HOUSTON — A standing ovation from their teammates greeted Stephen Curry and Klay Thompson of the Golden State Warriors when they finally made it back to the visitors’ locker room late Friday night after the last of their on-court obligations.
That was several minutes after Bob Myers, Golden State’s president of basketball operations, fielded a congratulatory FaceTime call from his injured but giddy superstar Kevin Durant as the game wound down. Forced to watch on television back in the Bay Area, Durant didn’t even want to wait until the final buzzer to join the revelry.
The Warriors’ postgame merriment at Toyota Center was so spirited and unscripted, awash with clingy hugs and expletive-filled shouts of joy, that it would have been easy for an outsider to surmise that they had just won a championship with this 118-113 triumph over the Houston Rockets in Game 6 of their second-round playoff series. They still need eight more victories to clinch a fourth championship in five seasons, but success in a Western Conference semifinal, especially in a seesawing game against the powerful Rockets, has clearly never meant more to them.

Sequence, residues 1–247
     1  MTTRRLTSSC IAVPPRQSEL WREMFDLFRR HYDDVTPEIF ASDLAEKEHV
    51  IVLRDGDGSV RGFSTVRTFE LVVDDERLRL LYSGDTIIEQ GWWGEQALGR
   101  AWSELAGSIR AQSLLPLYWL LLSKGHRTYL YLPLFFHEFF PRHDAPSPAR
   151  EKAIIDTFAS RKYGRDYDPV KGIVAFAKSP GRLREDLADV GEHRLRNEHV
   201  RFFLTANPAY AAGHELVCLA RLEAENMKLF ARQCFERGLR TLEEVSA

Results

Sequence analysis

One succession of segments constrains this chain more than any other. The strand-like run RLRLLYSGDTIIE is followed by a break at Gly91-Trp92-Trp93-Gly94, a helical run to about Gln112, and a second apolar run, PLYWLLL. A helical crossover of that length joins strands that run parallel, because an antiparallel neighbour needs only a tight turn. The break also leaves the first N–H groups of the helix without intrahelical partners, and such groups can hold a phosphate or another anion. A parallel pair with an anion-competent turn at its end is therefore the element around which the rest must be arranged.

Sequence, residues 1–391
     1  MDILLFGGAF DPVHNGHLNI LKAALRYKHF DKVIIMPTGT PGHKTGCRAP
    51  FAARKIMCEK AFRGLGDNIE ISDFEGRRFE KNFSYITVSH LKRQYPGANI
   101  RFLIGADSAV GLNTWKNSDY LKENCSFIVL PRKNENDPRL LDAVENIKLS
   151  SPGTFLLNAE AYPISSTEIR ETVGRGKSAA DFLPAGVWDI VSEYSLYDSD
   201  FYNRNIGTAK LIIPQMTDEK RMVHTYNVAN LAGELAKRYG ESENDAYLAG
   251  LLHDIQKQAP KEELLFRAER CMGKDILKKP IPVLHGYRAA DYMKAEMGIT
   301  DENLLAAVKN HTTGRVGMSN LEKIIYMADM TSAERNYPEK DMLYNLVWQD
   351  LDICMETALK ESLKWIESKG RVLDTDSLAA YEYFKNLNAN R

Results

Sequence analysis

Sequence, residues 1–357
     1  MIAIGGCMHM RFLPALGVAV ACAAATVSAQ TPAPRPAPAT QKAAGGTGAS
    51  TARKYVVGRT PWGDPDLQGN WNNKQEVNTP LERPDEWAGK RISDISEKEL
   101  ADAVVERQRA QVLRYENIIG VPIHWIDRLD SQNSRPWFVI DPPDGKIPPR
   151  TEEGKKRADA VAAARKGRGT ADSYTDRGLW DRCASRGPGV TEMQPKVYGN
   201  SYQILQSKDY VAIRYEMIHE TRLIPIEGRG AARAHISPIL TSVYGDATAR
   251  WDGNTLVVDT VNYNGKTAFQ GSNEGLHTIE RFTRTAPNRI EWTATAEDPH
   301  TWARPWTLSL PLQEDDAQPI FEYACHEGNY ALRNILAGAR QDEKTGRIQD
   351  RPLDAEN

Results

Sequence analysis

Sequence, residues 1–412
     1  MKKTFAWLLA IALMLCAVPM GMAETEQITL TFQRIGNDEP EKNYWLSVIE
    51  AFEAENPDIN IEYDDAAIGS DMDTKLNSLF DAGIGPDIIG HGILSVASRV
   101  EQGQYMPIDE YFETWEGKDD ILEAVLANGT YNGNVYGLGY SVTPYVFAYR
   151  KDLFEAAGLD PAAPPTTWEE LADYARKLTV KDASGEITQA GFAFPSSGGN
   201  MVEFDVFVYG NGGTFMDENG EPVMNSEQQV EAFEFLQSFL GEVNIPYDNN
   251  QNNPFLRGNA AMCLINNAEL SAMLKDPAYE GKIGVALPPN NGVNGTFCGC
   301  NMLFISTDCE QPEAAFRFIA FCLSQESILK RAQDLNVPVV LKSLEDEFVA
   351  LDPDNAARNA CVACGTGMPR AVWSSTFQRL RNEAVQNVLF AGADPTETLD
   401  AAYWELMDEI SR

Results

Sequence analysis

“It was about as fun as our first championship,” said Shaun Livingston, one of six holdovers from the Warriors’ first Curry-led title team in 2015. “This night had those kind of vibes.”
Said Draymond Green: “I’m not going to sit here and sugarcoat it — like yeah, we’re used to winning, but this one felt amazing.”
Curry rebounded from the first scoreless opening half of his playoff career to register a redemptive 33 points after intermission. Thompson scored 21 of his 27 points in the first half while Curry looked utterly lost, and drained the dagger 3-pointer from the left wing with 36.1 seconds to go that kick-started the Golden State festivities.